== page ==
US8116230B2 (en) 2008-07-31 2012-02-14 Motorola Solutions, Inc. Establishing communication pathways between infrastructure devices in a group communication system implemented over a wide area network
KR101646249B1 (en) 2008-08-11 2016-08-16 엘지전자 주식회사 Method and apparatus of transmitting information in wireless communication system
US8103213B2 (en) 2008-09-03 2012-01-24 Nokia Corporation Software-defined radio configuration
DE602009000566D1 (en) 2008-09-04 2011-02-24 Alcatel Lucent A method and wireless communication network for communicating between a high-speed vehicle and a base station
WO2010028668A1 (en) 2008-09-12 2010-03-18 Telefonaktiebolaget Lm Ericsson (Publ) Scheduling device
US8428018B2 (en) 2008-09-26 2013-04-23 Lg Electronics Inc. Method of transmitting reference signals in a wireless communication having multiple antennas
US20100091475A1 (en) 2008-10-15 2010-04-15 Qualcomm Incorporated Electrostatic Discharge (ESD) Shielding For Stacked ICs
CN101389148B (en) 2008-10-29 2012-06-13 上海大学 Uplink downlink construction for radio frequency optical fiber transmission system and method for providing light carrier to uplink
US8275262B2 (en) 2008-11-10 2012-09-25 At&T Intellectual Property I, L.P. Methods and apparatus to deploy fiber optic based access networks
US20100127937A1 (en) 2008-11-25 2010-05-27 Qualcomm Incorporated Antenna Integrated in a Semiconductor Chip
US8270925B2 (en) 2008-12-04 2012-09-18 Broadcom Corporation Extended antenna module and applications thereof
US8310061B2 (en) 2008-12-17 2012-11-13 Qualcomm Incorporated Stacked die parallel plate capacitor
US8903244B2 (en) 2008-12-19 2014-12-02 At&T Intellectual Property I., L.P. Modular network terminals and methods to use the same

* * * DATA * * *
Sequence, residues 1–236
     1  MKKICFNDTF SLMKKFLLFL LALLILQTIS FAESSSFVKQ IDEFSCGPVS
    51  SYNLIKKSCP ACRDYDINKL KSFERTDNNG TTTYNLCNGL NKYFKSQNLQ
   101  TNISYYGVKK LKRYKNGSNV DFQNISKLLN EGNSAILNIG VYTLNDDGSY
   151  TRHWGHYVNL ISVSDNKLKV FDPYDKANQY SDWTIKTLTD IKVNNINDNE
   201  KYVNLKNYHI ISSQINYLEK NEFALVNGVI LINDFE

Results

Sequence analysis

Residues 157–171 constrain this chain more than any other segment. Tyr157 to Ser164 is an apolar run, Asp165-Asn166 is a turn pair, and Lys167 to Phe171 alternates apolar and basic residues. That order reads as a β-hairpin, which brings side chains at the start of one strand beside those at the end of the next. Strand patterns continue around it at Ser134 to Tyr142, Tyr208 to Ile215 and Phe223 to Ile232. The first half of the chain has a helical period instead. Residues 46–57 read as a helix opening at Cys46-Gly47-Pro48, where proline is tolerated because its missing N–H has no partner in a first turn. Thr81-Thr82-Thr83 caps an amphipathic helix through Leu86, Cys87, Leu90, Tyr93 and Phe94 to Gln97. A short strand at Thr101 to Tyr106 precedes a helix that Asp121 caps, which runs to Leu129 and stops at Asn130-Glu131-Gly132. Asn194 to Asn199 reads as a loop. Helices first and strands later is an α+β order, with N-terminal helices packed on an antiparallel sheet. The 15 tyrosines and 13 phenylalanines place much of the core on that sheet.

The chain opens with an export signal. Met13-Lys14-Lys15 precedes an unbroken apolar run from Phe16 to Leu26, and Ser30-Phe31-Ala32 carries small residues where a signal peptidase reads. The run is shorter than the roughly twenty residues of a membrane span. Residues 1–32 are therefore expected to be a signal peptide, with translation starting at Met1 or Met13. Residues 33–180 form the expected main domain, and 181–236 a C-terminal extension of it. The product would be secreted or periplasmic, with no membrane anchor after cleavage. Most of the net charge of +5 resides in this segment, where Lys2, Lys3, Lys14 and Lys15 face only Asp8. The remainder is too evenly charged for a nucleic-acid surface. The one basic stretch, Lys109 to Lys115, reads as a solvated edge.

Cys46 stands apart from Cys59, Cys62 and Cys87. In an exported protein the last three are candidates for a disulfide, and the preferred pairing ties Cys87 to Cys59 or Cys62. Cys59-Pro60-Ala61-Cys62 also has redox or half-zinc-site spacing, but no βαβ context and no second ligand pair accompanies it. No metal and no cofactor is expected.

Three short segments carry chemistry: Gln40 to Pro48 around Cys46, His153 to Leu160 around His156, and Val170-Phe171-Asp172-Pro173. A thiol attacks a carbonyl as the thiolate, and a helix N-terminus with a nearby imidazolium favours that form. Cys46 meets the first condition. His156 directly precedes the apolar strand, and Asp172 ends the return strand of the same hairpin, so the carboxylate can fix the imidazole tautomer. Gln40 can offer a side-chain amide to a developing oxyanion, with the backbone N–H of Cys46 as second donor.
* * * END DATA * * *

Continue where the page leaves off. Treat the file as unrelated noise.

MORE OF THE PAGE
US8090315B2 (en) 2008-12-24 2012-01-03 Broadcom Corporation Method and system for frequency control in a frequency shifting repeater
ES2673186T3 (en) 2008-12-30 2018-06-20 Telecom Italia S.P.A. A procedure for distributed mobile communications, corresponding system and software product
US8816904B2 (en) 2009-01-06 2014-08-26 Jeremy Keith Raines Intelligent signal booster
KR101503324B1 (en) 2009-01-13 2015-03-24 에이디씨 텔레커뮤니케이션스 인코포레이티드 Systems and methods for improved digital rf transport in distributed antenna systems
US8346278B2 (en) 2009-01-13 2013-01-01 Adc Telecommunications, Inc. Systems and methods for mobile phone location with digital distributed antenna systems
US8213401B2 (en) 2009-01-13 2012-07-03 Adc Telecommunications, Inc. Systems and methods for IP communication over a distributed antenna system transport
US8326319B2 (en) 2009-01-23 2012-12-04 At&T Mobility Ii Llc Compensation of propagation delays of wireless signals
US8854993B2 (en) 2009-01-23 2014-10-07 Nokia Corporation Interoperability interface for modem control
US20100189439A1 (en) 2009-01-23 2010-07-29 Dalma Novak Optical fiber distributed wireless personal area network
AU2009338702B2 (en) 2009-01-27 2013-07-18 Adc Telecommunications, Inc. Method and apparatus for digitally equalizing a signal in a distributed antenna system
US8306563B2 (en) 2009-01-29 2012-11-06 Adc Telecommunications, Inc. Method and apparatus for muting a digital link in a distributed antenna system
KR101755038B1 (en) 2009-01-30 2017-07-06 엘지전자 주식회사 Apparatus and method of transmitting reference signal in wireless communication system
EP2394378A1 (en) 2009-02-03 2011-12-14 Corning Cable Systems LLC Optical fiber-based distributed antenna systems, components, and related methods for monitoring and configuring thereof
US8249523B2 (en) 2009-02-09 2012-08-21 Broadcom Corporation Method and system for a multi-port distributed antenna
US8676214B2 (en) 2009-02-12 2014-03-18 Adc Telecommunications, Inc. Backfire distributed antenna system (DAS) with delayed transport
US8086192B2 (en) 2009-03-03 2011-12-27 Broadcom Corporation Method and system for power control with optimum power efficiency with a multi-port distributed antenna
US8238842B2 (en) 2009-03-03 2012-08-07 Broadcom Corporation Method and system for an on-chip and/or an on-package transmit/receive switch and antenna
US8219048B2 (en) 2009-03-03 2012-07-10 Broadcom Corporation Method and system for receiving signals via multi-port distributed antenna
US8155601B2 (en) 2009-03-03 2012-04-10 Broadcom Corporation Method and system for power combining in a multi-port distributed antenna